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The Buzz at WOPN

*Lane Tanner, the Lady Gaga of Pinot Noir producers in California, is retiring. The 2009 vintage will be the last for the Pinot Czarzina. Lane launched her label, Lane Tanner Winery, in 1984, at a time when women winemakers in California were a rarity. She made the house wine for the Hitching Post restaurant for many years. She was known for crafting Pinot Noir with elegance and moderate alcohol and had a faithful following. Lane told me that she still has a good stock of library wines, including cases of magnums. Contact her through www.lanetanner.com.

*George Bursick, who gained fame for the wines he crafted for many years at Ferraro-Carano, and who most recently transformed J Vineyards & Winery into an ultra-premium Pinot Noir producer, has chosen to strike out on his own as an independent winery consultant. In addition, he is starting his own label, George Bursick Wines, which focuses on single-vineyard white wines. Visit www.bursickwineconsulting.com. He will remain a consultant for J Vineyards & Winery.

*Buena Vista Winery has concluded its lease on its winery facility in Carneros. Ascentia is consolidating its production to it’s Geyser Peak facility in Geyrserville. Buena Vista will no longer be made exclusively from Carneros grapes, but will include fruit from throughout Sonoma County. Winemaker Jeff Stewart seemed saddened when we talked. He had put his heart and soul in the turn around at Buena Vista and the wines had become world class. Business is business, and the Buena Vista Winery under its current organization was not profitable. The Buena Vista tasting room will remain open to the public and the future plans for Buena Vista wines remain unclear, although reportedly they will become a “super-premium” brand. The future of talented winemaker Jeff Stewart is still up in the air.

*Enthusiasm for Burgundy remains high as evidenced by the sold-out attendance at the Burgundian Seminar on Saturday morning. Moderator Allen Meadows (aka Burghound) was in top form and presented a captivating session on the history of Burgundy, using some excerpts from his new book, The Pearl of the Côte - The Great Wines of Vosne-Romanee. Young Turk winemakers Alexandrine Roy of Domaine Marc Roy and Thomas Bouley of Domaine Jean-Marc Bouley presented their 2007 and 2008 red Burgundies, primarily 1er Cru level wines. The wines of Roy come from Gevrey-Chambertain, and although the region’s wines are known for their rusticity and animale characters, Roy has put her own feminine stamp on the wines and they are very seductive and approachable, as well as offering good value. Bouley’s wines are more intense, but not lacking in charm and were superb. In 2007, the growing season was moderately warm, harvest was declared early, and the resultant wines are riper and more approachable early. 2008 was more challenging due to a very cool growing season. For those producers such as Bouley and Roy, who achieved phenolic ripeness and limited yields, the 2008 vintage produced fabulous wines, albeit with firm tannins and lively acidity that will take years to integrate. Allen feels that 2008 has transparency, showing individual terroirs, and enthusiasts should look to the reputation of the domaine in making purchasing decisions for that vintage.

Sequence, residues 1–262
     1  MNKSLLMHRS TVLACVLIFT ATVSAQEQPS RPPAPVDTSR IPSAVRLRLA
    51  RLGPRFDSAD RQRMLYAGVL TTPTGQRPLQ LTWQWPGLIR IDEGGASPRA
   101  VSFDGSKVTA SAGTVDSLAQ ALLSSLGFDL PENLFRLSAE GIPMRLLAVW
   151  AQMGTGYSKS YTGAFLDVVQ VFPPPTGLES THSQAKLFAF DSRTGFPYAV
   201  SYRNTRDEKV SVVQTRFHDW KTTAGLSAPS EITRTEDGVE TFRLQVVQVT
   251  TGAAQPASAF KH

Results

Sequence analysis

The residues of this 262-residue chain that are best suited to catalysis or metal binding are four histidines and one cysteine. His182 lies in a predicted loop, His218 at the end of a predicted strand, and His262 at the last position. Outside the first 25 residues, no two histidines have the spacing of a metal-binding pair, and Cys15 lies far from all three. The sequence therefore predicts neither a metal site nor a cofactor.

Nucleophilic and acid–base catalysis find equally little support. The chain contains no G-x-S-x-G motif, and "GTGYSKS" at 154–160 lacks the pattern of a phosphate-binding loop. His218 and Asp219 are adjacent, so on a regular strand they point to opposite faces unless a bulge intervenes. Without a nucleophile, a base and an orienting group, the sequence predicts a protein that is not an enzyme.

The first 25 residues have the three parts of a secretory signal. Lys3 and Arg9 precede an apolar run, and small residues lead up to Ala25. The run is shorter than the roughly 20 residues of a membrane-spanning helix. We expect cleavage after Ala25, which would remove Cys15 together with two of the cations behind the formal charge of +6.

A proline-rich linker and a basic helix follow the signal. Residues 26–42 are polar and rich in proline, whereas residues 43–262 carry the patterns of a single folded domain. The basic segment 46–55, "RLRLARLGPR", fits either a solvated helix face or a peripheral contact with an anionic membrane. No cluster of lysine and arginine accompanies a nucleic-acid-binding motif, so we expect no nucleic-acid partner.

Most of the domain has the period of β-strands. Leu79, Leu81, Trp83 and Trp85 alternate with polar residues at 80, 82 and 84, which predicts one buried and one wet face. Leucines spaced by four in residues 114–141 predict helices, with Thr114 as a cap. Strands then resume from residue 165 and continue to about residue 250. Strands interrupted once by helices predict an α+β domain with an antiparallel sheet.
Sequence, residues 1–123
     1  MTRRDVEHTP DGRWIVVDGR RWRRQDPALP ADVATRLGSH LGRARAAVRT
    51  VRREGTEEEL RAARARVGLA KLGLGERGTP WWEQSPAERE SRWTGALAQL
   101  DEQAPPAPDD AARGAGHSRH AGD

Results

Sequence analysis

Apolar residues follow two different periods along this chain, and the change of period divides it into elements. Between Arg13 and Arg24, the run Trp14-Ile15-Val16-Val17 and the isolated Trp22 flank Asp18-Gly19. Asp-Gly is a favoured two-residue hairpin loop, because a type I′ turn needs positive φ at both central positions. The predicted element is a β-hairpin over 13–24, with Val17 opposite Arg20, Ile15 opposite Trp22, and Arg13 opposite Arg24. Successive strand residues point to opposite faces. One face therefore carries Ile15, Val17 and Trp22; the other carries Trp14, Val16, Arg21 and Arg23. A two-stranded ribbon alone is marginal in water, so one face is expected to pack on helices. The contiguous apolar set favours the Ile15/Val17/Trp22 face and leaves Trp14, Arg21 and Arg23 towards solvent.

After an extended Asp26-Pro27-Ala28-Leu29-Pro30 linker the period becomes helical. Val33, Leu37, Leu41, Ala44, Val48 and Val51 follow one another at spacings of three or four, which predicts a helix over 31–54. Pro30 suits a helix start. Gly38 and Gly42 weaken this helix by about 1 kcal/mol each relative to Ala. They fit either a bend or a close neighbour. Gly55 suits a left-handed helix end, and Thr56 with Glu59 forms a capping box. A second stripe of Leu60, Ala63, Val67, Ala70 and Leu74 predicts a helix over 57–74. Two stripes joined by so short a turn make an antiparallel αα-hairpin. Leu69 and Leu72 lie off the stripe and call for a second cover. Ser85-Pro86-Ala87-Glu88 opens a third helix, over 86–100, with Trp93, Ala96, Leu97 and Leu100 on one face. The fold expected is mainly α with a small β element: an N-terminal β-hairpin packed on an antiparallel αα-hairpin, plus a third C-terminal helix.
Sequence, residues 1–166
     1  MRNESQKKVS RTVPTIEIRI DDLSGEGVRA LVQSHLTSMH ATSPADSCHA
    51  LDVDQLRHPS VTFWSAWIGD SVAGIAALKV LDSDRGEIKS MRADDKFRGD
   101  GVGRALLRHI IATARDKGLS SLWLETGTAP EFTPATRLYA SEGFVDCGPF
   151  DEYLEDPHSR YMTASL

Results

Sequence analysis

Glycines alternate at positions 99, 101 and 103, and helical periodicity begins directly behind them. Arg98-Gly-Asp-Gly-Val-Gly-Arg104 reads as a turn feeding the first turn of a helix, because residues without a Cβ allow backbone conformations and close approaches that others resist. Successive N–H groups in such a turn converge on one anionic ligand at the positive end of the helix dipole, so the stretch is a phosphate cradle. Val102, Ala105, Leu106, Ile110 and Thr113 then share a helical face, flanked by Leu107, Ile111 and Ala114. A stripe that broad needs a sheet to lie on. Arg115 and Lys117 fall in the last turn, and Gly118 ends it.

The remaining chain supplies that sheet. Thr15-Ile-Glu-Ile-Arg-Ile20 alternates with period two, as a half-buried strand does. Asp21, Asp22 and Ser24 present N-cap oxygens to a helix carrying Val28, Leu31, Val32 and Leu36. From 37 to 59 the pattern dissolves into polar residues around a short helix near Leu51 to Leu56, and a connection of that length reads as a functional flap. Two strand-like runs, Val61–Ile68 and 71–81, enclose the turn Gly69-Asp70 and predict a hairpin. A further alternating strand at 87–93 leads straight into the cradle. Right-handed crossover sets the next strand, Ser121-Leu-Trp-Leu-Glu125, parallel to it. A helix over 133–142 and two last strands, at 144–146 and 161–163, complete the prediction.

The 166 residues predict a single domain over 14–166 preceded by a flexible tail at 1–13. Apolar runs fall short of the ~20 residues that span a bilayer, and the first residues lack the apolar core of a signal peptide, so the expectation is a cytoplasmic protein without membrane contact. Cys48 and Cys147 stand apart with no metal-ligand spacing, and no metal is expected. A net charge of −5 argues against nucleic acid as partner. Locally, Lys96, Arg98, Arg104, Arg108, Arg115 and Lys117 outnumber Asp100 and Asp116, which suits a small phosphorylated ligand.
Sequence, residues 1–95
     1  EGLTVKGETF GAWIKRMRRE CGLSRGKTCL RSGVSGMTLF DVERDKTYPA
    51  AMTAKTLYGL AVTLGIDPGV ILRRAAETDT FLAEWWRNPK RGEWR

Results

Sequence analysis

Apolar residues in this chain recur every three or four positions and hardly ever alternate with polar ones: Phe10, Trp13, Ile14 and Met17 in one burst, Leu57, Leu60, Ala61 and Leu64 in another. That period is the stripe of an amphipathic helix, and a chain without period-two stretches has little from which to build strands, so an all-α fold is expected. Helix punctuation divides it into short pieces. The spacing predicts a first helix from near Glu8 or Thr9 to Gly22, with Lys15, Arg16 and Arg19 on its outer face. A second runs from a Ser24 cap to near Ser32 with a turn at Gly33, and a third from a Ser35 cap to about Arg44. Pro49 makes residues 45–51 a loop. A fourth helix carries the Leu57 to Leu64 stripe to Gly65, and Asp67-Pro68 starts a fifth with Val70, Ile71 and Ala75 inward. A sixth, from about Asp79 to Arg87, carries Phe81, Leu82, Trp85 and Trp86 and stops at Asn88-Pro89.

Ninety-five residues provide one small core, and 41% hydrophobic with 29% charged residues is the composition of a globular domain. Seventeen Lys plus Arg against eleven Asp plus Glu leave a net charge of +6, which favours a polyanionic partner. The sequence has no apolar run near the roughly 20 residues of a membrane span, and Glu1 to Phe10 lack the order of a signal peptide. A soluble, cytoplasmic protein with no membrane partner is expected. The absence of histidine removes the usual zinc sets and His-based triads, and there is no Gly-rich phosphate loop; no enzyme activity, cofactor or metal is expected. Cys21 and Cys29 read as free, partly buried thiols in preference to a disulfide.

*There continues to be a cantankerous debate about high alcohol and balance with some claiming that no wine over 14.0% alcohol is balanced, and others willing to offer many examples of Pinot Noir with over 15.0% alcohol that are in balance. A Seminar at WOPN on alcohol and balance offered a panel of noted winemakers including Jim Clendenen (Au Bon Climat), Adam Tolmach (The Ojai Vineyard), Josh Jensen (Calera Wine Company), Adam Lee (Siduri Wines) and Michael Browne (Kosta Browne), but no definitive answers. I expected a more contentious panel discussion, but the specter of respect among the panelists prevented any such thing. The wines presented offered impressive drinking at low alcohols (2001 Au Bon Climat Mount Carmel Vineyard “Larmes de Grappe” Sta. Rita Hills - 13.2% alc. and 2006 Calera Mills Vineyard Mount Harlan - 13.5% alc.) and high alcohols (2008 Kosta Browne Keefer Ranch Russian River Valley - 14.7% alc. and 2008 Siduri Wines Keefer Vineyard Russian River Valley - 15.2% alc.). Moderator Eric Asimov summarized the discussion by saying that producers should not be criticized for the style of Pinot Noir they choose to make with consumers being the final arbitrators of style. Note: Siduri's Adam Lee presented two wines: 2008 Keefer Vineyard Pinot Noir (15.2%) and 2008 Cargassachi Vineyard Pinot Noir (13.6%). He switched the labels without telling the panel or audience. Rajat Parr (Wine Director for Michael Mina Restaurants), who was on the panel, asked Adam if he could buy a case of the "Cargassachi" Pinot Noir which was, in fact, the Keefer Vineyard Pinot Noir. Rajat has been an outspoken opponent of Pinot Noir above 14.0% alcohol, and features no wines on the RN74 (San Francisco) wine list that exceed this level of alcohol. Adam made a point, and although embarrassed, but to his credit, Rajat allowed Adam to announce this switch to the audience who were, of course, tickled.

*We tend to think that all good Pinot Noir comes from either California, Oregon or Burgundy but the International Roundtable at the WOPN proved otherwise. There were some very impressive Pinot Noirs offered by producers from Switzerland (Moehr-Niggli), Austria (Weingut Johanneshof Reinisch), Germany (Weingut Dr. Heger), Chile (Kingston Family Vineyards), Australia (Yabby Lake), and New Zealand (Quartz Reef). The top wines from these countries are imported in minuscule amounts, but they are definitely worth a search.

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